Characteristics and trends in the incidence of inflammatory bowel disease in Korean children: a single-center experience.
Kim, BJ; Song, SM; Kim, KM; Lee, YJ; Rhee, KW; Jang, JY; Park, SJ; Yoon, CH
Digestive diseases and sciences, 55(7):1989-1995, 2010
Digestive diseases and sciences
BACKGROUND: Inflammatory bowel disease (IBD) is rare in Asian children and few reports on pediatric IBD have appeared.
AIMS: We, therefore, investigated the incidence trends and clinical characteristics of pediatric IBD in Korea.
METHODS: We enrolled 48 children with Crohn's disease (CD) and 14 children with ulcerative colitis (UC) from 1996 to 2007. Trends in annual enrollment and clinical characteristics were retrospectively evaluated by medical record review.
RESULTS: During the 12 years of observation, the number of new enrollments gradually increased. CD showed male predominance (33 boys, 15 girls), but more females presented with UC (4 boys, 10 girls). A relevant family history was observed in 3 (4.9%) of the 61 unrelated families. The most common presenting symptom was abdominal pain (67%) in CD and hematochezia (93%) in UC. Growth delay was observed in 10% of CD patients, but not in any of the UC patients. In CD, colonic involvement occurred in 87% of patients, ileal involvement in 87%, and both the small bowel and colon were affected in 75%. With UC, pancolitis occurred in 43% of patients, left-sided colitis in 36%, and proctitis in 21%, including all three patients with appendiceal orifice inflammation. The most frequent disease behavior was inflammatory in 85% of patients, but perianal fistula was noted in 50% of CD patients.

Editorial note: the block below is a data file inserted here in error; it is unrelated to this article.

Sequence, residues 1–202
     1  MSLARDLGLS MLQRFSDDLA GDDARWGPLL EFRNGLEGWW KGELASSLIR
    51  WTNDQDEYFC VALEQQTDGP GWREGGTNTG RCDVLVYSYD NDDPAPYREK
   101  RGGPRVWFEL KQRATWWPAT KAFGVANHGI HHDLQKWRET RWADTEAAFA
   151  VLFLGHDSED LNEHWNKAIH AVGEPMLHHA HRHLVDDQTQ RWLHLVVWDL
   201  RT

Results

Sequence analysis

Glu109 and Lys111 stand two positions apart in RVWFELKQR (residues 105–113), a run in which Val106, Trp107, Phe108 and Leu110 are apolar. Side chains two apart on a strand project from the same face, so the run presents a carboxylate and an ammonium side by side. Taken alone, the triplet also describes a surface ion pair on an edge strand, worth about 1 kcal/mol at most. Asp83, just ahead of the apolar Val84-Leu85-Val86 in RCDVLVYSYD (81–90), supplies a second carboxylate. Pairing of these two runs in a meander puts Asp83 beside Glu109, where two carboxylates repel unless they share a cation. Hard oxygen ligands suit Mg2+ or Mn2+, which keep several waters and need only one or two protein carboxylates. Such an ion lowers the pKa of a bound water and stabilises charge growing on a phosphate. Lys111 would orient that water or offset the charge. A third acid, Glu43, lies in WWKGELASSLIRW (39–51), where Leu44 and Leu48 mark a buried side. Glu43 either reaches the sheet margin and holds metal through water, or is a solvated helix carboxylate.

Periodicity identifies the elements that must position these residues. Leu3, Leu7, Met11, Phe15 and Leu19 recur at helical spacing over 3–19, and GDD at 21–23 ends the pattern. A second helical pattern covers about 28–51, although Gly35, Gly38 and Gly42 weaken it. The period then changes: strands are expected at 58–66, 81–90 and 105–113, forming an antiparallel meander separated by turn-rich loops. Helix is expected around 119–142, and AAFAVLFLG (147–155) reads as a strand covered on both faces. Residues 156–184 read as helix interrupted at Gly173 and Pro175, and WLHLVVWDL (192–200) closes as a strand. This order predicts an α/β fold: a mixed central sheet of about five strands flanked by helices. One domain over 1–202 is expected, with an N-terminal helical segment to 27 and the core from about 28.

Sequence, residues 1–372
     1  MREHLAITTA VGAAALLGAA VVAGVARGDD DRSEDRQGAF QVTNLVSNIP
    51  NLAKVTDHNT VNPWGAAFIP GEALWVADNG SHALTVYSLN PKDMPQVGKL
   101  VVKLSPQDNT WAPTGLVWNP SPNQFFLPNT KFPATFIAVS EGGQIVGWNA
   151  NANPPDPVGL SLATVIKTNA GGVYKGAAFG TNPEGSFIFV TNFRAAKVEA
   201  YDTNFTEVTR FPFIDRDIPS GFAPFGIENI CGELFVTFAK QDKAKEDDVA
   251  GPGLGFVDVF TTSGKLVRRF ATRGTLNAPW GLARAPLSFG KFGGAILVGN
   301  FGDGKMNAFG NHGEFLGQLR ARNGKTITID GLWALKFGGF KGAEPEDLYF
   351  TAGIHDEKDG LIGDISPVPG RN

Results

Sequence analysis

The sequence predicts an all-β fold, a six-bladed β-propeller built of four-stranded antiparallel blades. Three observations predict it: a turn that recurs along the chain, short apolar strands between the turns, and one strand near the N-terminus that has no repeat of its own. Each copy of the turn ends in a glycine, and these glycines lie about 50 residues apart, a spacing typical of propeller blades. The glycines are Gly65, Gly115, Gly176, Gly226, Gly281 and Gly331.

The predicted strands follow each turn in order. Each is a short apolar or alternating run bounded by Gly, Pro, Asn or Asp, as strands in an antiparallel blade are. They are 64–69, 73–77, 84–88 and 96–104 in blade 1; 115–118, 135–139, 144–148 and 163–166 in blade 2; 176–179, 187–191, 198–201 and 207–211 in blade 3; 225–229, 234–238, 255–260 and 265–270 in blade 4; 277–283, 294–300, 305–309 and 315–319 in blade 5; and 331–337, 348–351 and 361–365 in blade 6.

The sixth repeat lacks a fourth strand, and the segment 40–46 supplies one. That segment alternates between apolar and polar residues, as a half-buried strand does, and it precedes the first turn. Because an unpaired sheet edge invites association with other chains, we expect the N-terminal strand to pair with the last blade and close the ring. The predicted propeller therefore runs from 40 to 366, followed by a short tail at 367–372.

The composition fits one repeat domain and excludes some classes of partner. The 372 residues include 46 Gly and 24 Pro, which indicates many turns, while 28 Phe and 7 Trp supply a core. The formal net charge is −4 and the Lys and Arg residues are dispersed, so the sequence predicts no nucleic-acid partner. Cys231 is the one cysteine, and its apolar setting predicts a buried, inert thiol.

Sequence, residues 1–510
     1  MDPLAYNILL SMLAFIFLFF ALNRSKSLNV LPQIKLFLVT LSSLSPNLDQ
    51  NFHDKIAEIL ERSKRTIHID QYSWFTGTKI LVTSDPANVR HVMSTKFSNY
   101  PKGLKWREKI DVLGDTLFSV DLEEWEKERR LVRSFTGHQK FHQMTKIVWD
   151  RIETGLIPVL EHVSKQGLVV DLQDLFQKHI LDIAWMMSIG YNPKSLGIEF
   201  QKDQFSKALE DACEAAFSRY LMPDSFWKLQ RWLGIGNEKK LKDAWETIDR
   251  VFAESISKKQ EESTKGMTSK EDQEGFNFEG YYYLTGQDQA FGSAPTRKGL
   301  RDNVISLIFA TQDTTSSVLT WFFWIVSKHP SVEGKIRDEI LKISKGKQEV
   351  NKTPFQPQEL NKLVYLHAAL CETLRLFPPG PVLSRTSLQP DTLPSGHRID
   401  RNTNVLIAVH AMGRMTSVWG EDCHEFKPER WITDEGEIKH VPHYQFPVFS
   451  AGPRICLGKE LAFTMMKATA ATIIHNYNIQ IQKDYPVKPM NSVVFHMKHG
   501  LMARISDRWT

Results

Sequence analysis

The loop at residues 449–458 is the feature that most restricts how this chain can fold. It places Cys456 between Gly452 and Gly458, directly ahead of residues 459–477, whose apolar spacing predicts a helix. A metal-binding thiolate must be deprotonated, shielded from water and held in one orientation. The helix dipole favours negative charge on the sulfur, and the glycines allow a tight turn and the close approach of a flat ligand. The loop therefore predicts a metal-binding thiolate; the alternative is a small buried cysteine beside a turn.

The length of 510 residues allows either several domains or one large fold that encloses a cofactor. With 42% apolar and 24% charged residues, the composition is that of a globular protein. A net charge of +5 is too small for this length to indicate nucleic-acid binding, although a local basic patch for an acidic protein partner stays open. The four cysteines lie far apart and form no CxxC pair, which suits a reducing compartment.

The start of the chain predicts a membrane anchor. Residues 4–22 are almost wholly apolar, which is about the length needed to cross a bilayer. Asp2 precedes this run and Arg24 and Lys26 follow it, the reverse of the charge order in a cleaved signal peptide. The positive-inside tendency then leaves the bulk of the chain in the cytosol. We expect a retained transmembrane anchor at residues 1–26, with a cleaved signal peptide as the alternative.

CONCLUSION: This study showed that the incidence of pediatric IBD has been rapidly increasing in Korea in recent years. Relevant family history is less prevalent and phenotypic expression differs from what is seen in Western countries.
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